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A Top 40 mum at 40: Why do pop music lyrics suddenly sound so bad?

Mary Sea has been gorging on pop music and she’s found the Top 40 is a different world at 40 when you have little ears to consider. But never fear, she has a solution to inane patriarchal ditties.

Having kids changes you in ways you can never predict. One of the biggest surprises for me was the effect it had on my taste in music. Prior to giving birth, my music collection was a fairly broad mixture of folk, jazz, indie-rock and other stuff.

Then I had kids.

Suddenly, what used to be my music felt like hard work. For the first time since high school, my weary self fell into the arms of commercial radio. Almost overnight, Kate Bush was replaced by Katy Perry; James Brown morphed into James Blunt and Miles Davis became Miley Cyrus.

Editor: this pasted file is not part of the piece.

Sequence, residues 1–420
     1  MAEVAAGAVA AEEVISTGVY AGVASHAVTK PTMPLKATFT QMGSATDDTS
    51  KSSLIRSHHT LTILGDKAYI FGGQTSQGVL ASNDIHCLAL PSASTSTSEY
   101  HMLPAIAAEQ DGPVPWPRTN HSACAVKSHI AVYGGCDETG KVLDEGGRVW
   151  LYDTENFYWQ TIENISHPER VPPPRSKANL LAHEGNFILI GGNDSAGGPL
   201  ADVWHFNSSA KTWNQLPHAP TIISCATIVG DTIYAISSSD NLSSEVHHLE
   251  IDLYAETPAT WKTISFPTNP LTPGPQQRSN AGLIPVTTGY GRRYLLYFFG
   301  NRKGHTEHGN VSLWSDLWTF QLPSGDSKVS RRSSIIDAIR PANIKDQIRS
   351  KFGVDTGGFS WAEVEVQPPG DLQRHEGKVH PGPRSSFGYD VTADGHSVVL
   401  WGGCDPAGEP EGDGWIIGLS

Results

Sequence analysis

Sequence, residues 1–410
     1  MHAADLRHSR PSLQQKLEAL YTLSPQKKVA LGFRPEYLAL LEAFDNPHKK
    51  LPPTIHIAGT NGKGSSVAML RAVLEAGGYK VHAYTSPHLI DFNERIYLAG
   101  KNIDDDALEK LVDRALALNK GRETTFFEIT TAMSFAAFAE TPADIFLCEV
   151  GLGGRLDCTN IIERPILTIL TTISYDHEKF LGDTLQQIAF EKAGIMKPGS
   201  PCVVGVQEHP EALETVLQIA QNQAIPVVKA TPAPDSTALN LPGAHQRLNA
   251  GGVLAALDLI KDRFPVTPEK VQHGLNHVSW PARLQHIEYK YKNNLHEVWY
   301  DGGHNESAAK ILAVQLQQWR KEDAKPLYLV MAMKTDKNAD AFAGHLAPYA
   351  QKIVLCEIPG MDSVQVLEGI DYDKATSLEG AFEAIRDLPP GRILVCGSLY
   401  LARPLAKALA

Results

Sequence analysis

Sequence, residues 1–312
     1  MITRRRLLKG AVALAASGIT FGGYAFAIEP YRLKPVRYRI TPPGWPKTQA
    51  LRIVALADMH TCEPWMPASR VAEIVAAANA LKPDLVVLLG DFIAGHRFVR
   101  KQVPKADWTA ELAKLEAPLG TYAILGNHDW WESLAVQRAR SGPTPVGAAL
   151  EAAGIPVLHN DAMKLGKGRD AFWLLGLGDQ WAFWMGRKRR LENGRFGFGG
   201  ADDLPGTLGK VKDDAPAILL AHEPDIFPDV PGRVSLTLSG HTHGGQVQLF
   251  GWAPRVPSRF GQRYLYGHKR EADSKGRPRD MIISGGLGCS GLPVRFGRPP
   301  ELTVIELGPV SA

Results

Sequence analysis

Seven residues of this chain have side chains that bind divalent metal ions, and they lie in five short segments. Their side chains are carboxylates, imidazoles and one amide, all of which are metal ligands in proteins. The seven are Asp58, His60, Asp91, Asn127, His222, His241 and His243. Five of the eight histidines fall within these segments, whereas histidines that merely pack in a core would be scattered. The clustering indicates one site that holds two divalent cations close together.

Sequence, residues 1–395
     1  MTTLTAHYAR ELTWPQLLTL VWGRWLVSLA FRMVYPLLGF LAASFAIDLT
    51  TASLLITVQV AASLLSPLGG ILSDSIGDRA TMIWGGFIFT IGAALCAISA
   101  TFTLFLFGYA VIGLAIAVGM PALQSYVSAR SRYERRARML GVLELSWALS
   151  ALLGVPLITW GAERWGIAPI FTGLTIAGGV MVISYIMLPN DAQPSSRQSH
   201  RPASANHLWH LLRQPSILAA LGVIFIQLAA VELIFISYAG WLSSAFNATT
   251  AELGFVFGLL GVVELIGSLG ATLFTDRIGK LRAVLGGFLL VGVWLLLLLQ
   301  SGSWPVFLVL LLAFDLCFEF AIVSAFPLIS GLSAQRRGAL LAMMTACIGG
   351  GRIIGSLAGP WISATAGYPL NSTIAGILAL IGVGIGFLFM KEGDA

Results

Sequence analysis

I am not embarrassed about my newfound love of the swinging hits of the 90s, Noughties and Today. In fact, it kind of steams my carrots when people pooh-pooh this type of music. Bubble-gum pop can yank you out of a funk in a way that the opaque complexities of experimental folktronica will struggle to do. Tuning in to the Top 40 at the age of 40 has been a bit of a revelation to me, however.

My problem isn’t with the music. It’s with the lyrics.

Specifically, those of the guys singing about the girls. Some of the songs are fine, but a huge number have the distinct whiff of misogyny about them. Turn on the radio, you will soon see what I mean. Countless gents warbling away about women as though they are nothing more than pleasure dolls with a pulse, only interested in their reflections and men that go ka-ching.

What a sad way to view half the population. Not to mention boring – it’s duller than the long-range weather forecast. Someone get me some NoDoz.